International waters: Conflict, cooperation, and climate change


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Almost all human and ecosystem activity relies on a safe, stable supply of water resources.  And since the resource needs to be allocated to myriad uses, from drinking to agriculture to instream flows to transportation, industry, and spiritual transformation, water management is conflict management.  Moreover, when surface basins or aquifer systems cross international boundaries the unifying principles of integrated watershed management and all the attendant centripetal forces within a basin directly contradict the centrifugal needs of state separation and sovereignty. 

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There are 263 basins, and 265 aquifers, which cross the political boundaries of two or more countries.  International basins cover 45.3 percent of the earth’s land surface, affect about 40percent of the world’s population, and account for approximately 80 percent of global river flow. Ninety percent of the global population lives in countries with international basins. While the potential for paralyzing disputes is especially high in these basins, history shows that water can catalyze dialogue and cooperation, even between especially contentious riparians. Moreover, as we move from thinking about rights to thinking in terms of equitably sharing “baskets” of benefits, opportunities to cooperate become palpable.

Evidence suggests that the likelihood of political tensions is related to the relationship between rates of variability or change within a basin and the institutional capacity to absorb that change, often exemplified by treaties or international river basin organizations (RBOs).

In my view, the most critical lessons learned from the global experience in international water resource issues are as follows:

  1. Water crossing international boundaries can cause tensions between nations which share the basin. While the tension is not likely to lead to warfare, early coordination between riparian states can help ameliorate the issue.
  2. Once international institutions are in place, they are tremendously resilient over time, even between otherwise hostile riparian nations, and even as conflicts occur over other issues.
  3. More likely than violent conflict is a gradual decreasing of water quantity or quality, or both, which over time can affect the internal stability of a nation or region, and act as an irritant between ethnic groups, water sectors, or states/provinces. The resulting instability may have effects in the international arena.
  4. The greatest threat of the global water crisis to human security comes from the fact that millions of people lack access to sufficient quantities of water at sufficient quality for their well being.
  5. The increase in future water variability forecasted by most climate change scenarios is one change that may alter current hydropolitical balances, affecting in turn the ability of states to meet their water treaty commitments. This may raise serious questions about the adequacy of many existing transboundary arrangements and lead to the need for new focus on resilient agreements.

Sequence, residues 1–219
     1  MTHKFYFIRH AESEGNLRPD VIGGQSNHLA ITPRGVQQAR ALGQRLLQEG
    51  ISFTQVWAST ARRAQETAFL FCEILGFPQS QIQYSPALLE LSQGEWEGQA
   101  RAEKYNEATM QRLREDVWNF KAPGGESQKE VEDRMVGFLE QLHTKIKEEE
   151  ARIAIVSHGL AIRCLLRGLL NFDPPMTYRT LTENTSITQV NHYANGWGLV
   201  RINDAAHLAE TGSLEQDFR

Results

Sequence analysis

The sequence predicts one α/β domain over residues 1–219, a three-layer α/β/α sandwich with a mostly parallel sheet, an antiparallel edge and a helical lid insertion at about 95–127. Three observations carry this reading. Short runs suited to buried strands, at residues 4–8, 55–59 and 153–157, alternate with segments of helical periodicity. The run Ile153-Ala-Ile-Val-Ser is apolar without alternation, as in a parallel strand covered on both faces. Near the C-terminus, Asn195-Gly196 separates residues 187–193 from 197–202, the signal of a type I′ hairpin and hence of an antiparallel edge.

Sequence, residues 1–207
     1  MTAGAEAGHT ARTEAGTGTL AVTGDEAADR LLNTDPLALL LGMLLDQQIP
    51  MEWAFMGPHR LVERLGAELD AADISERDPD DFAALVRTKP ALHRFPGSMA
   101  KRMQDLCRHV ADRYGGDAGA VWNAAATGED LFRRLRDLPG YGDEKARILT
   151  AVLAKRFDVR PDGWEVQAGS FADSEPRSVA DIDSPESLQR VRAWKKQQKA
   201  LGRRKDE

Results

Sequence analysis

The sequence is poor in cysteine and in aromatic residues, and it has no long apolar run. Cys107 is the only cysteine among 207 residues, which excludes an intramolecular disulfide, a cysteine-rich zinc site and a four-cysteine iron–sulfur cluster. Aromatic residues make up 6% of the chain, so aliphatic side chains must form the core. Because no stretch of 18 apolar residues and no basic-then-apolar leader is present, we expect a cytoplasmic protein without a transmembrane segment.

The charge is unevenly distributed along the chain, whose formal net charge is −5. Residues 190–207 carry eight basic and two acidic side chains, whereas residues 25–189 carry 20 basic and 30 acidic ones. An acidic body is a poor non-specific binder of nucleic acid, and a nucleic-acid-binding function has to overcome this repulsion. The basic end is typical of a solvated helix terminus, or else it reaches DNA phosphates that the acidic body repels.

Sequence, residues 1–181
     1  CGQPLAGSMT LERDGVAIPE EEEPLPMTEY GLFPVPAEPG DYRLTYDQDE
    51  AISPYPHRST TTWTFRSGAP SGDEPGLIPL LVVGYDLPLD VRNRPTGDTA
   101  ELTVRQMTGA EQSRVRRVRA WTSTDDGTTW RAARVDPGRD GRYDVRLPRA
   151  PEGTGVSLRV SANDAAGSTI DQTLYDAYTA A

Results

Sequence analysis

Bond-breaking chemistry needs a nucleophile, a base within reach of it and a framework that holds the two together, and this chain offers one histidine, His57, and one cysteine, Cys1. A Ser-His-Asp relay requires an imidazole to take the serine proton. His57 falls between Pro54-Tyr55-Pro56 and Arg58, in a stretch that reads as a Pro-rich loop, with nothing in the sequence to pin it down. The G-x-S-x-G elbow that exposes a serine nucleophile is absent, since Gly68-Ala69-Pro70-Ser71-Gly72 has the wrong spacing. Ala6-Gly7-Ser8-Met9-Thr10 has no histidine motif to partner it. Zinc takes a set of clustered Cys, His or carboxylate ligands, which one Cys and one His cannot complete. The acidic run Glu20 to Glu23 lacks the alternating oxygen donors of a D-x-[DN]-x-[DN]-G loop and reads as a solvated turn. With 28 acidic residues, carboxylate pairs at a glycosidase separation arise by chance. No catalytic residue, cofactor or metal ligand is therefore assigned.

Aaron Wolf

Professor of Geography

November 07, 2009

Hi Aaron, thanks for raising these issues re: the tenuous situation of water security. All of your points are well taken. I am wondering how you see the role of multinational corporations in this issue? There has certainly been cases demonstrating that multinational corporations are exasperating the problem in some countries where water resources are already being challenged. To further complicate the issue is the debate between water as a right (and a universal common) and water as a marketable commodity. I'm sure you are well aware of the problems privatization causes, particularly for the poor. Considering the lessons you present, are there any solutions?

November 13, 2009

Thanks for keeping up the dialogue. Your suggested approach is compelling, but there are enough cases where private capital has not been focused on ensuring access to the poor. The film FLOW challenges the role of companies like SUEZ and Vivendi in providing water and sanitation in developing countries, suggesting that in many cases they have been more detrimental to development. But I guess, there are other examples where companies are attempting to demonstrate their corporate social responsibility, like Coca Cola's commitment to sustainability and protecting/giving back to community watersheds. Still if market mechanisms are applied to water, what happens to those that can't participate in the market?

Aaron Wolf
November 11, 2009

Thanks so much for this thoughtful comment. There is no question that the issues of privatization and globalization will, as you rightly point out, be growing potentials for conflict in the future. All the the grand debates over WTO and private capital in traditionally public sector domains have a water component as well, as we see in your probing question of whether we see "water as a human right versus as an economic good."

I guess I would ask the question a bit differently. Perhaps, "are there areas where private capital and/or market mechanisms may be implemented to increase investment and efficiency, while guaranteeing protection to the poor and the environment?" That's a much harder, and more nuanced, way to approach it but, ultimately, perhaps more productive.

Thanks for writing!